We understand that you completed An elderberry place as part of an artist residency. Can you explain more? How did you secure your residency? Yes, doing a residency was one of my biggest goals for the year after my graduation. I wanted to do a program that would help me develop a project that was already in progress rather than beginning some completely new work. I applied for a few residencies in the Czech Republic before being accepted for a six-week stay at DEPO2015 in Pilsen. Writing several applications and having the project rejected along the way really helped me to refine my ideas as it forced me to repeatedly think about how to effectively communicate my plans for the project. My time in Pilsen was brilliant, I got to do, see and be involved so many different things. Everyone there was so welcoming and really went above and beyond to help me complete the project.

From the series  An elderberry place

From the series An elderberry place

Have you exhibited this work now it's complete? If so, where was it shown? At the end of my residency at DEPO2015 the venue hosted the Czech-German festival Treffpunkt, and I had a solo exhibition as part of this festival. Treffpunkt is a recent initiative supported by various European organisations and brings together cultural activities from both sides of the border. I made many of the prints for the display myself in the darkroom at DEPO2015, and the final exhibition also included objects that I had gathered from my family archive.

As An elderberry place is your first completed body of work since graduating, have you got any tips or advice you can share with new graduates? The biggest learning curve was making the project outside of the university network and facilities. My main point of advice would be to learn how to use whatever your new circumstances might be to your advantage. For me, this meant a shift away from making work by shooting every couple of months and bringing the project together piece by piece. Instead, I spent a year planning the photographs I wanted to make in advance and then shooting almost all of them in the space of a few weeks. Over the course of that year, I became much more experimental and let go of a lot of expectations I had had for myself, and I think in the end this worked out well for the final result. The most important thing for me was to embrace the fact that things will move at a different pace after you graduate and accept that there will be failures and rejections along the way. Throughout that time it helps so much to keep in touch with your course friends, as you are all in the same boat and most likely facing similar struggles.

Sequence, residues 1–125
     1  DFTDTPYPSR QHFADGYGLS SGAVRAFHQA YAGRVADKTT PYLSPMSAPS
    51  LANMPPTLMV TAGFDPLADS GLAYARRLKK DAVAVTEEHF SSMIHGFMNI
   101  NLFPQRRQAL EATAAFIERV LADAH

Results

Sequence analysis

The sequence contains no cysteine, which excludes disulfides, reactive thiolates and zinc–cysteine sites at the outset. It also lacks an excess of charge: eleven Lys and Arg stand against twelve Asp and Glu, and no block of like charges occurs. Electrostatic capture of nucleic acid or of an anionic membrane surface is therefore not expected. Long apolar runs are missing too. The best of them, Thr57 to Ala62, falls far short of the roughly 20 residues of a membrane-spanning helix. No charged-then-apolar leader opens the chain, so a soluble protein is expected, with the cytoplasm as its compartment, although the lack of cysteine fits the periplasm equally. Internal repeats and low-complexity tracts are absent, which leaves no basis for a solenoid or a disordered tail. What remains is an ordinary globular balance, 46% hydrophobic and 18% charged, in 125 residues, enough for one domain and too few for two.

From the series  An elderberry place

From the series An elderberry place

What does the future hold? I am just working on getting An elderberry place out into the world and figuring out plans of where to potentially exhibit it again this year. Beyond that I’m looking to publish a book of From the trees we run between this year and am involved in and applying to a few other exhibitions. I also have a new project idea that I am starting to plan and research, which follows on from the very last photograph I took for An elderberry place at a Czech photography museum.

'In-Between Shores' - A residency opportunity provided by Ardesia Projects

Application Deadline: 15 March 2018

Country: Italy

In-Between Shores is a 23-days residency opportunity open to photographers all over the globe, with no age restriction, born through a collaboration between Ardesia ProjectsJest and Witty Kiwi. Click here for further details.